Fun and games in higher education: an analysis of UK student perspectives

Nicola Whitton*, Mark Langan

*Corresponding author for this work

Research output: Contribution to journalArticlepeer-review

50 Citations (Scopus)


In an increasingly neoliberal Higher Education sector, there is increased pressure on institutions to enhance learner engagement and student satisfaction. Many academics believe that students expect their university learning experiences to be enjoyable, and discourses of game-based learning reflect this, with a dominant narrative highlighting the fun of educational games. Whether students expect learning to be fun or see a relationship between fun and games is under-explored. To address this, we investigated student perceptions of fun in Higher Education using a thematic network analysis based on data from 37 in-depth interviews with undergraduate students. Here, we highlight five themes that encapsulate what students perceive to be a fun learning experience: stimulating pedagogy; lecturer engagement; a safe learning space; shared experience; and a low-stress environment. These aspects are not unique to games, and we conclude by considering the relationship between educational games and fun, and alternative playful approaches.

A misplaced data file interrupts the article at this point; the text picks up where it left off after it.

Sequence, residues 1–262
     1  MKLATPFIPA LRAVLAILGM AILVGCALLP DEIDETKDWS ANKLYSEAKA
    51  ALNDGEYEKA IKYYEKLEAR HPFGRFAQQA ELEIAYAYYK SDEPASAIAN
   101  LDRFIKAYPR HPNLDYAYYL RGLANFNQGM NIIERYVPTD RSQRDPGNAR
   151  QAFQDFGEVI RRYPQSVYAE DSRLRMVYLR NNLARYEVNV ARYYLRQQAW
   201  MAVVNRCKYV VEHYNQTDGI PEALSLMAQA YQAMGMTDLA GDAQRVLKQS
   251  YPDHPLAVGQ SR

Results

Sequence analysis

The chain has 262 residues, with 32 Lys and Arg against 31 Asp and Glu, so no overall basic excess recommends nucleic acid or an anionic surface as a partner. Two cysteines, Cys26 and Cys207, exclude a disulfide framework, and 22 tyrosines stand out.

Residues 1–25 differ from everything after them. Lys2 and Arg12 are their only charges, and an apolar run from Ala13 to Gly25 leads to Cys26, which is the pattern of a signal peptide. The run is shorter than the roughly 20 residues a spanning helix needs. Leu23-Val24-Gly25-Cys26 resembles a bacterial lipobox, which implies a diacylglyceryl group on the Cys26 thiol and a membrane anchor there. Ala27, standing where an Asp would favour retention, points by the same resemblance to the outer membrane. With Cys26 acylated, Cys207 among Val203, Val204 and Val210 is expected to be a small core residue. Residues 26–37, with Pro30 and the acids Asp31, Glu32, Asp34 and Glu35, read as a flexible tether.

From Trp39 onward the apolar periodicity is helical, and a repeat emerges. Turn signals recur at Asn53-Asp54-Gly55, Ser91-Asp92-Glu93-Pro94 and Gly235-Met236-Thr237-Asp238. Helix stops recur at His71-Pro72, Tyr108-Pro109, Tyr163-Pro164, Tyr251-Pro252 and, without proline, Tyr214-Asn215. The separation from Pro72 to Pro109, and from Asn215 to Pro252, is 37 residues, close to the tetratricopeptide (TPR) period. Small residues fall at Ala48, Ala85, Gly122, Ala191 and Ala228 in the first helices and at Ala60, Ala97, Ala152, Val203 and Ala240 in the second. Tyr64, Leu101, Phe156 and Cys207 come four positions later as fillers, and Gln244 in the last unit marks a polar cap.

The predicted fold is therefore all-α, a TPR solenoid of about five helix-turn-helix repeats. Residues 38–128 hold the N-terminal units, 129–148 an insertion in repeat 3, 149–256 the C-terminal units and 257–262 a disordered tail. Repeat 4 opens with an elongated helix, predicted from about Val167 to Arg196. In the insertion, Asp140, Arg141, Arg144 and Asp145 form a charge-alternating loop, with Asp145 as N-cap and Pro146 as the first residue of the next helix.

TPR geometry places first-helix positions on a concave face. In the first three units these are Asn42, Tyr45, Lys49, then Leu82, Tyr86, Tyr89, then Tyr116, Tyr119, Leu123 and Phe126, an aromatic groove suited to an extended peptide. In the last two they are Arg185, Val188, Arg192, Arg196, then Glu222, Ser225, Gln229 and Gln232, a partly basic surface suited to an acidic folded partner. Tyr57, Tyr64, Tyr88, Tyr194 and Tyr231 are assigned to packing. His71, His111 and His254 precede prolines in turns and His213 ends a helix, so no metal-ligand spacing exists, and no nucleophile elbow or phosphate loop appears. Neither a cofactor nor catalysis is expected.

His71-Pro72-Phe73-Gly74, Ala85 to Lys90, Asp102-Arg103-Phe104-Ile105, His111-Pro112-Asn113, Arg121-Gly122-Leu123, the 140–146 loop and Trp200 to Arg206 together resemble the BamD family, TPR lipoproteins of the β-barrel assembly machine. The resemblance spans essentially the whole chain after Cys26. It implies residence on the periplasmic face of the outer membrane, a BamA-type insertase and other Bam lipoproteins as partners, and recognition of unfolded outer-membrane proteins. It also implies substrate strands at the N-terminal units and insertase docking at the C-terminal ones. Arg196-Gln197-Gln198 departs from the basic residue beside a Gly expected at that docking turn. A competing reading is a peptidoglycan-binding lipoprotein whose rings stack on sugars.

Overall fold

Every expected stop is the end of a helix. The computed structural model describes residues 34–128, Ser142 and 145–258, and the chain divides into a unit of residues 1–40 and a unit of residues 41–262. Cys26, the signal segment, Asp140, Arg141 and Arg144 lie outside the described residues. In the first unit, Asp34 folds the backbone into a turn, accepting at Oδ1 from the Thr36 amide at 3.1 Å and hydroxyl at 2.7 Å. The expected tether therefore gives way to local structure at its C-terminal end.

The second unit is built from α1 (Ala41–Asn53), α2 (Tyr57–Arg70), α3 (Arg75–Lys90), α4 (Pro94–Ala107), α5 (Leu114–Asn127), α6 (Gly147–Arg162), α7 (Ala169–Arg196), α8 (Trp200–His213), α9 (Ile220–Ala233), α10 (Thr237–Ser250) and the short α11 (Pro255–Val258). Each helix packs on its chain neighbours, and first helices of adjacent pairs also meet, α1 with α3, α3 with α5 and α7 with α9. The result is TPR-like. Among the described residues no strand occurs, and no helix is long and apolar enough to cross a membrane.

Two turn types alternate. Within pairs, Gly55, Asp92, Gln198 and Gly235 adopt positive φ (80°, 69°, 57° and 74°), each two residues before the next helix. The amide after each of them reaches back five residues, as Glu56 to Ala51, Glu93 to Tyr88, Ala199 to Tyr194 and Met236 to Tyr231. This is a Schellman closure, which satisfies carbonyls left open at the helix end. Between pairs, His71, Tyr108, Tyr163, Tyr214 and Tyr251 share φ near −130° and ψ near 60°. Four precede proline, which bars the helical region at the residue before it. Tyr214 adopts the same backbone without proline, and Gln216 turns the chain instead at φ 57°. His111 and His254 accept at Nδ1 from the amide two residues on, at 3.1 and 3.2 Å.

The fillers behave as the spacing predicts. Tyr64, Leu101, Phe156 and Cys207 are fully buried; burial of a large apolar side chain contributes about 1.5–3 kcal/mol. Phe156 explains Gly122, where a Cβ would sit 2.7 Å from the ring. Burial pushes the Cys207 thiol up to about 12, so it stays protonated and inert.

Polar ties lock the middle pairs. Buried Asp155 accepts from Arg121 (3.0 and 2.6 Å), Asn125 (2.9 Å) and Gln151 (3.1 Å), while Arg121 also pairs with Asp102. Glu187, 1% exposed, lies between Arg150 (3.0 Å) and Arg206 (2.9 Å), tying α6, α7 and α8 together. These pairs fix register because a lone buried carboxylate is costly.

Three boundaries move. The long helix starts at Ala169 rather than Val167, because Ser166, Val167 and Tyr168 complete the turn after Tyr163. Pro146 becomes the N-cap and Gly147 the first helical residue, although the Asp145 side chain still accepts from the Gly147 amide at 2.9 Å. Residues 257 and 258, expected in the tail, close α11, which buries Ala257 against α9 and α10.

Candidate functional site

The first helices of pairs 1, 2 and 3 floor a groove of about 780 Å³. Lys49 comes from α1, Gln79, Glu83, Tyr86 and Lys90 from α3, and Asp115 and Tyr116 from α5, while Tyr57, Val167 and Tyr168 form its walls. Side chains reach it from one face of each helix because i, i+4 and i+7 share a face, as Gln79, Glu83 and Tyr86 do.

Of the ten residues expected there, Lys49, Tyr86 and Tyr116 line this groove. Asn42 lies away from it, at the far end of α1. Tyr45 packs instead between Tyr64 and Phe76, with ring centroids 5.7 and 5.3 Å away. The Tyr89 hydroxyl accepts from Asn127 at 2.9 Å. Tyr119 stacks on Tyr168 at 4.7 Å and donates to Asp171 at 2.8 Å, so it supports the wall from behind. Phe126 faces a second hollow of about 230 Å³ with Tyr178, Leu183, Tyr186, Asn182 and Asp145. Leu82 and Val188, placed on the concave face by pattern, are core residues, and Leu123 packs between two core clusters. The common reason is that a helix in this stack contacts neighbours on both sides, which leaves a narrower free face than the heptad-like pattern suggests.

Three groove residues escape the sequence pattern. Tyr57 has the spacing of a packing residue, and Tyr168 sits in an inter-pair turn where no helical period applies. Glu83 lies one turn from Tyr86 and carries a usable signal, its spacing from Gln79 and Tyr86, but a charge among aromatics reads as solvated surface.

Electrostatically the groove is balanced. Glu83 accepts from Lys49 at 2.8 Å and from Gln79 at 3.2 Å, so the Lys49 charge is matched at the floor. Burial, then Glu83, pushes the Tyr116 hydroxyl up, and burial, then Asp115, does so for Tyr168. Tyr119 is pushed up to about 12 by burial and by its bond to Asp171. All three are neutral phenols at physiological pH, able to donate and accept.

Original languageEnglish
Pages (from-to)1000-1013
Number of pages14
JournalTeaching in Higher Education
Issue number8
Publication statusPublished - 17 Nov 2019
Externally publishedYes

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